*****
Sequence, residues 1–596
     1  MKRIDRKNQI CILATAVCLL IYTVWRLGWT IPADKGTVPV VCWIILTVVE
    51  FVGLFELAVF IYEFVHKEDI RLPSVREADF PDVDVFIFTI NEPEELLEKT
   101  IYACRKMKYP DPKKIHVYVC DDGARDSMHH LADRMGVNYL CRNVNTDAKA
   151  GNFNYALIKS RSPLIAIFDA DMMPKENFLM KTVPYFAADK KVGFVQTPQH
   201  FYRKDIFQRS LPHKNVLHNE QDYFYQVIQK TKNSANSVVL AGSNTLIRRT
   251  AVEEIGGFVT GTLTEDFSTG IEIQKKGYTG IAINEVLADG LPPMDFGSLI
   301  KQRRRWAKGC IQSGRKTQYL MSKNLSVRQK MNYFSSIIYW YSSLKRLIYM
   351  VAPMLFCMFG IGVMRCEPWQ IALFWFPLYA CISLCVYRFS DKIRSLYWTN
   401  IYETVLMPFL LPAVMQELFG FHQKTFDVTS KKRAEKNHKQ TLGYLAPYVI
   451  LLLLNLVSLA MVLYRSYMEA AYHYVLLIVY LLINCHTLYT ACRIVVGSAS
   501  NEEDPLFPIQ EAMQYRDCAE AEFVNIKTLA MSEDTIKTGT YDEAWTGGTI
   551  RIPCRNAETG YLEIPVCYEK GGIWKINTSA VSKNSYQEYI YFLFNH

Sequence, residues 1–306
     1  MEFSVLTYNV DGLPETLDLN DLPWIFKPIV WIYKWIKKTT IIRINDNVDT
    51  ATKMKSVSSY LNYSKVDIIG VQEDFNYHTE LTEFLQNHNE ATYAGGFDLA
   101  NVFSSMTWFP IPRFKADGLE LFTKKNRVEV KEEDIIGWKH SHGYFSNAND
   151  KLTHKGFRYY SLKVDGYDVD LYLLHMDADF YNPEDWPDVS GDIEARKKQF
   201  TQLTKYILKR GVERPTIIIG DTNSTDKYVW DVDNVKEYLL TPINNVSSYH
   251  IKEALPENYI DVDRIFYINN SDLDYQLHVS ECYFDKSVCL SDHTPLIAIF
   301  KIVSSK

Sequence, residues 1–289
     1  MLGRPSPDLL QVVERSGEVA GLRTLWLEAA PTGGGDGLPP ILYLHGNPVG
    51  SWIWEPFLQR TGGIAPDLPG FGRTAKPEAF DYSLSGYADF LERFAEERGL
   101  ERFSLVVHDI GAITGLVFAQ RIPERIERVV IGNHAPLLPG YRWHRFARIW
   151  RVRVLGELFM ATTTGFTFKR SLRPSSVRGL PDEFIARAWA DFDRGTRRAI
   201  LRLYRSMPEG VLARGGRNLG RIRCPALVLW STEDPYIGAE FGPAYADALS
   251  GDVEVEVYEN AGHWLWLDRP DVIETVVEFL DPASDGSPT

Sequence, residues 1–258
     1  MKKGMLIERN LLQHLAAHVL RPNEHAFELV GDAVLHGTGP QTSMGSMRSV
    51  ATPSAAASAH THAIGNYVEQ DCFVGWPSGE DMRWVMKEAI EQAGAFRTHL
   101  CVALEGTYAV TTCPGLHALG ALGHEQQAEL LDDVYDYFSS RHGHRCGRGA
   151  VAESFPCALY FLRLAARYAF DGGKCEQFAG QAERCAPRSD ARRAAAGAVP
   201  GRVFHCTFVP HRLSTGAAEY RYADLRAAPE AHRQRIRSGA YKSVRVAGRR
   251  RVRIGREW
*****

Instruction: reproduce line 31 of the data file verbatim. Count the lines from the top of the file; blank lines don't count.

    51  ATPSAAASAH THAIGNYVEQ DCFVGWPSGE DMRWVMKEAI EQAGAFRTHL